2. Material Misstatements
Plaintiffs have also alleged that Defendant violated 17 C.F.R. § 240.10b-5 by making material misrepresentations in its SEC filings, its 1992 Annual Report, and its press releases. The alleged misrepresentations consist of the following: (1) Hunter said that it had "made all the demonstrations required by law for issuance of the final permits and had `gone well beyond the minimum standards required' to obtain the permits," (Compl. ¶ 90); (2) Hunter said that it "had the safest method for disposing of hazardous waste" and that "the project was state-of-the-art and was a safe and proven technology," (Compl. ¶ 91); (3) Hunter stated that "it had the best experts," (Compl. ¶ 91); and (4) Hunter claimed that "the TWC can only reject the hearing examiner's recommendations under certain narrow circumstances." (Compl. ¶ 92). In order to be actionable as securities fraud, statements must be both material and misleading. See 17 C.F.R. § 240.10b-5(b). This court is willing to grant that the above statements were all material, since they would have affected a shareholder's decision to invest. See Herzfeld, 540 F.2d at 33-34; Ferber, 802 F. Supp. at 705. Thus, the court must now turn to whether or not the statements could reasonably be seen as misleading.
As explained below, each of Hunter's statements in question was actually an expression of opinion or belief. Such expressions are sometimes actionable as material misrepresentations under the securities laws. See Virginia Bankshares, Inc. v. Sandberg, 501 U.S. 1083, 1093, 111 S.Ct. 2749, 2758-59, 115 L.Ed.2d 929 (1991) ("[C]onclusory terms [such as "high value" or "fair terms"] in a commercial context are reasonably understood to rest on a factual basis that justifies them as accurate, the absence of which renders them misleading. . . . [E]xpressions of such judgments can be uttered with knowledge of truth or falsity just like more definite statements. . . ."). Hence the issue here turns on whether Hunter knew or should have known that its beliefs and opinions were false. See Shapiro v. UJB Financial Corp., 964 F.2d 272, 283 (3d Cir.) (holding that the defendant's beliefs stated a cause of action if it knew they were inaccurate), cert. denied, 506 U.S. 934, 113 S.Ct. 365, 121 L.Ed.2d 278 (1992); DeSalle v. A.G. Edwards Sons, Inc., 804 F. Supp. 436, 438 (D.Conn. 1992) (holding that opinions and forecasts were only actionable if the company "`disseminated the forecasts knowing that they were false or that the method of preparation was so egregious as to render their dissemination reckless'") (quoting Ciresi v. Citicorp, 782 F. Supp. 819, 822 (S.D.N.Y. 1991), aff'd, 956 F.2d 1161 (2d Cir. 1992)); see also Decker v. Massey-Ferguson, Ltd., 681 F.2d 111, 117 (2d Cir. 1982).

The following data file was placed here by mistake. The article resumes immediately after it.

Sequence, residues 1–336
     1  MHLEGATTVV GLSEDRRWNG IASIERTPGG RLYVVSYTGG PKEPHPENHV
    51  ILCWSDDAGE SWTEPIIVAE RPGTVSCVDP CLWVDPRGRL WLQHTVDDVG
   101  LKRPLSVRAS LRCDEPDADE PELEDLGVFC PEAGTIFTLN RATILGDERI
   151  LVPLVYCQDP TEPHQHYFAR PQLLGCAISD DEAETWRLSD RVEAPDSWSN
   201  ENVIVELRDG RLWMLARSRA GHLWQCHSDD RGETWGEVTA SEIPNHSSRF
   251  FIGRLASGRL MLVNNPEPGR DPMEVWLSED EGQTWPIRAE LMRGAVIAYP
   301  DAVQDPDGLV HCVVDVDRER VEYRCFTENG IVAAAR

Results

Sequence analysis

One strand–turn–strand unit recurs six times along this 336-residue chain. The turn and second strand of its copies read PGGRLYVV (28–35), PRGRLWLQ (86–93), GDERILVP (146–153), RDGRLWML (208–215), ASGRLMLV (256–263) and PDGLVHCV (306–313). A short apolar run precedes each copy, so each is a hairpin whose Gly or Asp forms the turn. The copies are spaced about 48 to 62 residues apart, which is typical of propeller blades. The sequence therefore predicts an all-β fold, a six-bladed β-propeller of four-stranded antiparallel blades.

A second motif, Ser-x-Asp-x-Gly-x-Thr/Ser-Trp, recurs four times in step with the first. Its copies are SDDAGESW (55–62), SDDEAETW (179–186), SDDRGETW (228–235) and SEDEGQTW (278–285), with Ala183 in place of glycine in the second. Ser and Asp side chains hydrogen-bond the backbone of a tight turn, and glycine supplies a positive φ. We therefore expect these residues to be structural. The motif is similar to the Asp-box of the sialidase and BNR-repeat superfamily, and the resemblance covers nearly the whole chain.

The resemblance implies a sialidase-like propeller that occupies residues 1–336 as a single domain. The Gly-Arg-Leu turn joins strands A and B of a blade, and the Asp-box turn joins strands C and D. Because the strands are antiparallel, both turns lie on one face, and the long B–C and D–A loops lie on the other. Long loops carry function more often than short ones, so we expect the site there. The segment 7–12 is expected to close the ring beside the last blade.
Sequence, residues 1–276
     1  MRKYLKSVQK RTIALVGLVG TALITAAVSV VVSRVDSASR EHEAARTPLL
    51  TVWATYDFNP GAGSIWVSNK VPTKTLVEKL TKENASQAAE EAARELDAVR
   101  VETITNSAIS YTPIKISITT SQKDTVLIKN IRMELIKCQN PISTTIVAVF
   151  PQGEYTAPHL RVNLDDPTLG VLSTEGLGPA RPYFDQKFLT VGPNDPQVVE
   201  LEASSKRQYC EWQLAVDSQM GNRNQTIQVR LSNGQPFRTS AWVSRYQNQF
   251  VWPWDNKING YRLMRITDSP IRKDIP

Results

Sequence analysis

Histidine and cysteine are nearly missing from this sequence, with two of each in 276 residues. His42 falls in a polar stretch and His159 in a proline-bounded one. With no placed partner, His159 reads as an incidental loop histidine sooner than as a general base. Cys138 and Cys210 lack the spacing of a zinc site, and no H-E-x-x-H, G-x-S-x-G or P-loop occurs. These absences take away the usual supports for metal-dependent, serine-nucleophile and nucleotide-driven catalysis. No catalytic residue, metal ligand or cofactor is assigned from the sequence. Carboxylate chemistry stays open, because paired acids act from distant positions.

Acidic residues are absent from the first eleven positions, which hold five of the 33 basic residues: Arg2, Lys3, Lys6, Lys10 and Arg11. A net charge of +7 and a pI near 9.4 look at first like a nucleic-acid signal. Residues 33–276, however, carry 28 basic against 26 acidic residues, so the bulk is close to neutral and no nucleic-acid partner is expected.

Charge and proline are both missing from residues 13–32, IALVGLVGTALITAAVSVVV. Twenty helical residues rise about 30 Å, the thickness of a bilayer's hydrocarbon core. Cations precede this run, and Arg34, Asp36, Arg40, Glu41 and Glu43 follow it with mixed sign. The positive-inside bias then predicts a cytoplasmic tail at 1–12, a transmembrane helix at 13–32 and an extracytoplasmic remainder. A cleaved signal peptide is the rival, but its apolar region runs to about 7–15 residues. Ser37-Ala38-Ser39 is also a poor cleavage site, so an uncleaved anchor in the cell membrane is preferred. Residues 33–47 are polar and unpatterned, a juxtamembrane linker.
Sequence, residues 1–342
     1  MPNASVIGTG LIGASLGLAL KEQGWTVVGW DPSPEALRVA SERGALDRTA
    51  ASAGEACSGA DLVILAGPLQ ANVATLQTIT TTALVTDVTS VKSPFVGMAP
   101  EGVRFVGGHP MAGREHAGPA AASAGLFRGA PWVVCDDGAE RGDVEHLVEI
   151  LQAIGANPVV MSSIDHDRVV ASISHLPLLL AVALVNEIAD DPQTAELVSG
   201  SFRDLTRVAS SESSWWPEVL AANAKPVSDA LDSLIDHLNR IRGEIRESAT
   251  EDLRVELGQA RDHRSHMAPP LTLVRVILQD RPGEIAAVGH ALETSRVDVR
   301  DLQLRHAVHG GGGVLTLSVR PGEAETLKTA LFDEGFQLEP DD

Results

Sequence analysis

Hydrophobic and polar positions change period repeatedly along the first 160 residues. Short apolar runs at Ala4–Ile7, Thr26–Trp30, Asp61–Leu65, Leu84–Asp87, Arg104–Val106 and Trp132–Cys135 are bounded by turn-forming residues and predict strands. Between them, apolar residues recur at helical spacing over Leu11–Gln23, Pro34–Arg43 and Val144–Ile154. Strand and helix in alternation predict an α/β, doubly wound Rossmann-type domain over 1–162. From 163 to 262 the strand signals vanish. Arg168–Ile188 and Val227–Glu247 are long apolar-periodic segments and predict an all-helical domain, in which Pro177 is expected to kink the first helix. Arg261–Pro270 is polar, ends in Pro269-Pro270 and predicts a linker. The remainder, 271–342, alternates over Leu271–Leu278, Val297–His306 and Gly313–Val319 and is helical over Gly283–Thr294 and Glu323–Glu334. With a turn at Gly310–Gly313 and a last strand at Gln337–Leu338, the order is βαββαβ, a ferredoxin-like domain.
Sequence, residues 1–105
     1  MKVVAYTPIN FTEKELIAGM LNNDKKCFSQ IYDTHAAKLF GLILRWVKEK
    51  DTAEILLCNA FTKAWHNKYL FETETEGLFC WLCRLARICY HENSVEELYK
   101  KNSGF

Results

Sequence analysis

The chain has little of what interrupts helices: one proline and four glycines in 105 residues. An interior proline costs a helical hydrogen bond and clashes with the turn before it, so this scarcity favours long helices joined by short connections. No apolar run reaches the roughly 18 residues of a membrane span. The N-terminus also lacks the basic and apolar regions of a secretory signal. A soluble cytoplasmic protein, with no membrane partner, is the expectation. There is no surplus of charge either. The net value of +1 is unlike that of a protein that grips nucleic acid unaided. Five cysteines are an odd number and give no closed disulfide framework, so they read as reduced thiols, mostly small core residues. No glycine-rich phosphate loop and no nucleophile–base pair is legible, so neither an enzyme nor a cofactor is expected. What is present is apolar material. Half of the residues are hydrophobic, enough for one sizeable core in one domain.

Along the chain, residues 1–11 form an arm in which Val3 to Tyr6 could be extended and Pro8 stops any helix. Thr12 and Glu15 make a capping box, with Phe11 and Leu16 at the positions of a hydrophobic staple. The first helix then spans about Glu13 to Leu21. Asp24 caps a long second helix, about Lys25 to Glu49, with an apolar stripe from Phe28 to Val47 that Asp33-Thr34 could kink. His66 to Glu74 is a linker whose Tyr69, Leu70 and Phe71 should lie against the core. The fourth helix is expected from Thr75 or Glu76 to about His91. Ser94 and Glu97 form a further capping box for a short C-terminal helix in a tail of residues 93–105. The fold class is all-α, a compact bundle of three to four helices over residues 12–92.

The court now turns to an examination of each of Hunter's statements to examine "the nature of the prediction — with the emphasis on whether the prediction suggested reliability, bespoke caution, was made in good faith, or had a sound factual or historical basis." Isquith v. Middle South Utils., Inc., 847 F.2d 186, 204 (5th Cir.), cert. denied, 488 U.S. 926, 109 S.Ct. 310, 102 L.Ed.2d 329 (1988).
a. "Hunter Had Made All the Demonstrations Required by Law"